Virtual Influencers and the Convoluted World of Ads

Our buying habits are massively influenced by the media we consume, and with a
changing world, the media we consume is changing as well. Social media’s
popularity is on the rise, and its role in shaping the public opinion is undeniable (the
Cambridge Analytica scandal comes to mind). With big corporations wanting to
exploit every outlet of public expression, a crop of virtual social media influencers
has popped up.

However dystopian it may sound, a bunch of unknown people with unknown
interests have created and are running social media profiles for virtual influencers.
These influencers look and sound exactly like real people, but in fact, are an
amalgamation of various people behind the scenes. Miquela Sousa a.k.a. Lil
Miquela (@lilmiquela on Instagram) was created by Silicon Valley-based tech
company Brud in 2016, and now has not only over 1.9 million followers on
Instagram but also viral singles called Not Mine and Money on Spotify (she also has
a creepy boyfriend who’s actually a real live human). While Miquela seems pretty
“left-leaning” from her profile (even though “she” hasn’t ever stated her political
ideology), Brud also has the right-wing cornered with Bermuda, a white, blonde,
and slightly conservative virtual influencer (@bermudaisbae). Bermuda and Miquela
even had a whole segment where they fought online, and conveniently became
friends immediately after. Following this trend of virtual influencers, even KFC ran a
segment of ads on their official Instagram account where Colonel Sanders was
reimagined as a youthful virtual Instagram influencer (this also resulted in a spin-off dating simulator on Steam where you can try and woo this creepy old-but-also-
young Colonel Sanders).

It all may seem like harmless funny content for giggles, but the shadowy corporate
interests behind such influencers make one question the ethics of it all. A virtual
person cannot refuse to advertise for companies that their creators support, and
when you see people questioning whether these personalities are real or not, you
question whether these influencers should be legally required to declare that they
are fake. Miquela, for example, has done several paid partnerships on her profile
with companies like Samsung alongside big names like Millie Bobby Brown. Just
seeing influencers wear certain types of clothes can subconsciously influence one’s
fashion choices, and when you see similar clothes in a shop, you are more likely to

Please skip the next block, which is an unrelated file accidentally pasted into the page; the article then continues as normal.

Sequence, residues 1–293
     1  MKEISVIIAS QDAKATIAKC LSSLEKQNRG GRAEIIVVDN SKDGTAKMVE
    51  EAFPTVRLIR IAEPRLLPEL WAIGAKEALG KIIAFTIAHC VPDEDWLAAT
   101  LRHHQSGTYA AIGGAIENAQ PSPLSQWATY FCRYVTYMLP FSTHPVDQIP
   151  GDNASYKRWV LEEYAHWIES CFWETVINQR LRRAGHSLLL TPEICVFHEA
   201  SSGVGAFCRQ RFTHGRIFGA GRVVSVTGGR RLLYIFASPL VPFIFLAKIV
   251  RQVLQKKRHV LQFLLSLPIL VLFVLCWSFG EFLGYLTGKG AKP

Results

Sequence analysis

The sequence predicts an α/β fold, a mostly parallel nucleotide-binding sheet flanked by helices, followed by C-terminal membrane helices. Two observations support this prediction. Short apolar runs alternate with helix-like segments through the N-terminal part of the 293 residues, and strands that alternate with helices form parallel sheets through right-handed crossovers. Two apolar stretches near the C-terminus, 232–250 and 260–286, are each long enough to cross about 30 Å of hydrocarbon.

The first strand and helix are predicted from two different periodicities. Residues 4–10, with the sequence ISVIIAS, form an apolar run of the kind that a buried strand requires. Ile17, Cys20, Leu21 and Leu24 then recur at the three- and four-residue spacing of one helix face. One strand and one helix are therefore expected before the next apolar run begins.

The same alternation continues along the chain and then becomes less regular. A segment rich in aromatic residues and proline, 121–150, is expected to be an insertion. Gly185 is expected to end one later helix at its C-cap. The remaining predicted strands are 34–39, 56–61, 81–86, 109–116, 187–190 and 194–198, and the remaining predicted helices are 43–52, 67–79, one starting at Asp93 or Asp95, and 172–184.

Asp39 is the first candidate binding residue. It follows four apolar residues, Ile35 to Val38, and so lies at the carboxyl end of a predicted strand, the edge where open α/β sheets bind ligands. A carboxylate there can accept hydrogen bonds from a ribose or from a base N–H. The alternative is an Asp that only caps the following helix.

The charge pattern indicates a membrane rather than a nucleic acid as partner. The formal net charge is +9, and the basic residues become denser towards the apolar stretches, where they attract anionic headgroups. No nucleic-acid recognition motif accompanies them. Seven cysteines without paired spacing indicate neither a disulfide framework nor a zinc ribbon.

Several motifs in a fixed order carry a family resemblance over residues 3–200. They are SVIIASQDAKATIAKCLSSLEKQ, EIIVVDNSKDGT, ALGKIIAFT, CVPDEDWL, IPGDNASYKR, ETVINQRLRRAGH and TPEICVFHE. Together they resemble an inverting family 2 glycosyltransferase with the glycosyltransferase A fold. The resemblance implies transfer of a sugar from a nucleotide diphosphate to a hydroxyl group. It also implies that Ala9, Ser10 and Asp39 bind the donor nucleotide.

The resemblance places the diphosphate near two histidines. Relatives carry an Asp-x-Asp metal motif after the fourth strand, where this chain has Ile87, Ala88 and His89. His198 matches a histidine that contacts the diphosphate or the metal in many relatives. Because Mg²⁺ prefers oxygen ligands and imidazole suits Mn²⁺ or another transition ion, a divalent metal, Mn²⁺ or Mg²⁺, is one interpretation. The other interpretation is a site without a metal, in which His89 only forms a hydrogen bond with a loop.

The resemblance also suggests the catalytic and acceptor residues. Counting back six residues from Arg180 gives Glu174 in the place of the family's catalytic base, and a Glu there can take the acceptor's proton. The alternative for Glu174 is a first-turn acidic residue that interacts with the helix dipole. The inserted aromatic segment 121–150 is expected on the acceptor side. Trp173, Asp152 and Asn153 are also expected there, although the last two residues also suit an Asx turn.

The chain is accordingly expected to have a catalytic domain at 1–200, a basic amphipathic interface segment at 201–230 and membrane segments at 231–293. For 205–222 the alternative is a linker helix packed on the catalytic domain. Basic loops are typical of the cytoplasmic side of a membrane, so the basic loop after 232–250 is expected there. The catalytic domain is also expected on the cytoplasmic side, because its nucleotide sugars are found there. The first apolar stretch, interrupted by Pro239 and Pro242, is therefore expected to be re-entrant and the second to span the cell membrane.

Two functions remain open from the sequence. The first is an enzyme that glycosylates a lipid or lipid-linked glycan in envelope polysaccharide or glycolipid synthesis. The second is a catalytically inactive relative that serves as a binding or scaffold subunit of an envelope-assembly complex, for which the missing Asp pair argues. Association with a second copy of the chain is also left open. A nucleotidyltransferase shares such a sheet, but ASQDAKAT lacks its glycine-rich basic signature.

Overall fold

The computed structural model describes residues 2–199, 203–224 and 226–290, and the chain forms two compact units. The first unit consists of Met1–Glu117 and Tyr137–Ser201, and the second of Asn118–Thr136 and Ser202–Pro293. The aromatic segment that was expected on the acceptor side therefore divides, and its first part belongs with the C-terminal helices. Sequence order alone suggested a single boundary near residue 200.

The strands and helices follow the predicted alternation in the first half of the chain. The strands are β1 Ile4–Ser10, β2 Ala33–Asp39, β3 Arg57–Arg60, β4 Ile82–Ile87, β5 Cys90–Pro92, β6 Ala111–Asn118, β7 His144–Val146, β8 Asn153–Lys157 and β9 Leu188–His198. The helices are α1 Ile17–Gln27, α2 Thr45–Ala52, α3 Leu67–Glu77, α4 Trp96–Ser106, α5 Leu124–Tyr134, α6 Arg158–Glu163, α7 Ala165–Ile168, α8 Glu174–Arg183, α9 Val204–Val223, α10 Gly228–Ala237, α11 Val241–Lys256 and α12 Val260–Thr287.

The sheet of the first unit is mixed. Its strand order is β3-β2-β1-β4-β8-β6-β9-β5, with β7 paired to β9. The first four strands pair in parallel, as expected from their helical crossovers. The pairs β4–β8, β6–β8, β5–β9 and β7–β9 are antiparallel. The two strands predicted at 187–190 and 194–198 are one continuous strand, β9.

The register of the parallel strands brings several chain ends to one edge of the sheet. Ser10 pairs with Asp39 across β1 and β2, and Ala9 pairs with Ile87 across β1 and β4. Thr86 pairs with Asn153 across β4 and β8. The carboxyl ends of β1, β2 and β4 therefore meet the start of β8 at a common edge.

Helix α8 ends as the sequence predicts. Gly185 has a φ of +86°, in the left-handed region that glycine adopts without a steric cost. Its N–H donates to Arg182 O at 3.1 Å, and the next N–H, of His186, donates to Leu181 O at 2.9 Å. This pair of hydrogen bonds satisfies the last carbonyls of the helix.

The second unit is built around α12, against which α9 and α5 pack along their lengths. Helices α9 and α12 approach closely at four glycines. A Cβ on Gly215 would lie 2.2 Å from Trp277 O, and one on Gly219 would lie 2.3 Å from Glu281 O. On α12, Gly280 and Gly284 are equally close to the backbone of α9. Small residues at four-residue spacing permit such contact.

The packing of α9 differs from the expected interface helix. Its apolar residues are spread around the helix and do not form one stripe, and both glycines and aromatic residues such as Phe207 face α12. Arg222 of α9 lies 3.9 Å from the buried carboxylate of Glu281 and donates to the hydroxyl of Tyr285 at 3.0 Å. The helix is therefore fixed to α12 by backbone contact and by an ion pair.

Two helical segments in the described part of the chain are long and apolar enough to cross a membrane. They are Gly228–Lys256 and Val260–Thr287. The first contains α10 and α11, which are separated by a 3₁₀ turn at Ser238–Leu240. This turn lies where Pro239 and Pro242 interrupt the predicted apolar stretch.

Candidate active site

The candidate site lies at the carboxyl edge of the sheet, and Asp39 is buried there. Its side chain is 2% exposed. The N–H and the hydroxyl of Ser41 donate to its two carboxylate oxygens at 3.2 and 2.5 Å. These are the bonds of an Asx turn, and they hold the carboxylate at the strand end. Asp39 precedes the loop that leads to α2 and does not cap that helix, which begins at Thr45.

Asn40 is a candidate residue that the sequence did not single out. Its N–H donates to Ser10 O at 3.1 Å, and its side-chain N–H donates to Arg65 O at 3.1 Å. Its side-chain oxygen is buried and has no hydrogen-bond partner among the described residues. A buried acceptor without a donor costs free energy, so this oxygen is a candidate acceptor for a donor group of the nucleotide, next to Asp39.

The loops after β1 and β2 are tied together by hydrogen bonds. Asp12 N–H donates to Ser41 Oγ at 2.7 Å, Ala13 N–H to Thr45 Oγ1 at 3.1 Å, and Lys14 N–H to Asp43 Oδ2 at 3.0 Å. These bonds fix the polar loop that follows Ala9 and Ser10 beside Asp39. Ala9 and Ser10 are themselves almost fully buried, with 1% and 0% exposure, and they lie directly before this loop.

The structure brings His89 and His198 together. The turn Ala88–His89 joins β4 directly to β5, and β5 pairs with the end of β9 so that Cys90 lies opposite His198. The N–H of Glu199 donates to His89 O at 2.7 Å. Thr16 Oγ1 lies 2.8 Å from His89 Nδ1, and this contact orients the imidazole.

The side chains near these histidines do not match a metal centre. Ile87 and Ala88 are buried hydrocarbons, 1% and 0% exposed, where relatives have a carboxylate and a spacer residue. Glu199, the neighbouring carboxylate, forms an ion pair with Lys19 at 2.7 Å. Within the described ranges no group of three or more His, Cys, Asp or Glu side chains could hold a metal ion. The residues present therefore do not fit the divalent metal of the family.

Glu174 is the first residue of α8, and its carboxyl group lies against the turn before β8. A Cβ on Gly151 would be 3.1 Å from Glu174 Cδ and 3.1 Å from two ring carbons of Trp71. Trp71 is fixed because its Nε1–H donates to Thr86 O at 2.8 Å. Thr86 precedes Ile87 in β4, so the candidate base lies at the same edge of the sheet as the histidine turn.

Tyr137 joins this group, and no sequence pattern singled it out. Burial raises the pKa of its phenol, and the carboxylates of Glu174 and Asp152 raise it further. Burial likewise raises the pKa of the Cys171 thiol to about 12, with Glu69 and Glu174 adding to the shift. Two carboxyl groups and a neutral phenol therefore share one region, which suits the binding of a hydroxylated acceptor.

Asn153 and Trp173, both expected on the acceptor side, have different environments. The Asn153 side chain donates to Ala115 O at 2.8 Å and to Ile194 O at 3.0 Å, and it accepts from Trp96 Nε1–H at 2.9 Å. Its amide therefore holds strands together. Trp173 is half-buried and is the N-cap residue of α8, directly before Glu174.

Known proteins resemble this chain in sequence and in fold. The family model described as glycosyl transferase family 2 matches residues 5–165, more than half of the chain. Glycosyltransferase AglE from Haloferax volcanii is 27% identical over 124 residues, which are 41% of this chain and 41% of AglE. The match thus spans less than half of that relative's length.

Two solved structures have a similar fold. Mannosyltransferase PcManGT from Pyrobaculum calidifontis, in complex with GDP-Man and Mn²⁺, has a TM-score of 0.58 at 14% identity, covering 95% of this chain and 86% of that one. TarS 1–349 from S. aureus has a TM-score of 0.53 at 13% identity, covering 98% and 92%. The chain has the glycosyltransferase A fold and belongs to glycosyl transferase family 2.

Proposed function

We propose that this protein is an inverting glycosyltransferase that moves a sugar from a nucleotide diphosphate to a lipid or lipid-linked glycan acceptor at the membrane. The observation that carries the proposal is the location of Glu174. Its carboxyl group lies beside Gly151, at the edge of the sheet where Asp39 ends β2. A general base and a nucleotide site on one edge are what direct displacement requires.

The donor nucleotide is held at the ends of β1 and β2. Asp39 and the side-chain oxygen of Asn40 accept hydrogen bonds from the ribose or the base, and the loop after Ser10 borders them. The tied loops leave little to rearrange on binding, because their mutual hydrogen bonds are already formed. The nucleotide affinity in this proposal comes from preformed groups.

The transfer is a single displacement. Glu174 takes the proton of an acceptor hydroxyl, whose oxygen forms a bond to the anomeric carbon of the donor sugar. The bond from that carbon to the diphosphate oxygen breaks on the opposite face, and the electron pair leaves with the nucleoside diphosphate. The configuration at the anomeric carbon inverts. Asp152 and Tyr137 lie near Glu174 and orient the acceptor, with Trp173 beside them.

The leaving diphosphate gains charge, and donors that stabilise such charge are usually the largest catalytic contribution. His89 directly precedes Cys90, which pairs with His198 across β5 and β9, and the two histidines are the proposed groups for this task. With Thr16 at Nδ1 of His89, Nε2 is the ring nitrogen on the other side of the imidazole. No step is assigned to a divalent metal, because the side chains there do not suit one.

buy them since you already associate them with popular and trendy people, even if
you have forgotten who that person actually was. The big companies can just pay
all of the influencers to advertise their products, thereby effectively controlling your
tastes and the market trends as a whole. This, combined with the personal rapport
influencers can build with their audience, prime these fake online personalities to
become the next big marketing tool.

Ads are becoming more and more convoluted with each passing day, and this is no different. Companies want to establish a brand image in the consumer’s head more than actually informing the public about the product they are selling. They continue to defecate in your head constantly, until the next time you visit the supermarket you already think their product is better than the others, with no real evidence to back it up. Brand loyalty is becoming more and more important, and its effects are visible all across the first world. Planters Peanuts came up with a bizarre advertisement for the recent Superbowl, in which Mr Peanut (their mascot) was killed off. This paid off though, with #RIPeanut trending number one on Twitter. In a similar vein, an investigation was launched by the US house of representatives and the US Senate into the alleged advertising malpractices by the Juul Company. They have been accused of advertising to minors by showing very young-looking models smoking the vape against colourful flashy backgrounds in their ads, getting social media influencers to use the Juul online, and giving away the devices for free or for a couple of dollars at their events. All this led to young people and children trying and getting hooked to these devices which are easy to conceal and sleek-looking; these are people who wouldn’t otherwise have thought of smoking or vaping.

All these adverts seek to create a vanity fair of sorts in our lives, the sole objective
to make us buy more and more useless items we don’t need, by making us think
that somehow all those are essential for our happiness. All it does is create an
empty hollow which cannot be filled by any number of physical objects. The graffiti
artist Banksy has famously said that advertising is filling our public spaces with
jeers and spites to us about how we are not sexy enough, how our partners are
inadequate, and how that all the fun is happening somewhere else. These ads are
now encroaching our online public sphere. It is high time we take a stand against
these blatant insults aimed at us by choosing to not indulge in this materialistic
subculture, and instead push for more transparency and control over our ads.
Pressure your representatives to remove the billboards overlooking your street; they
help no one on your land.

[Gautam Gupta – he/him]

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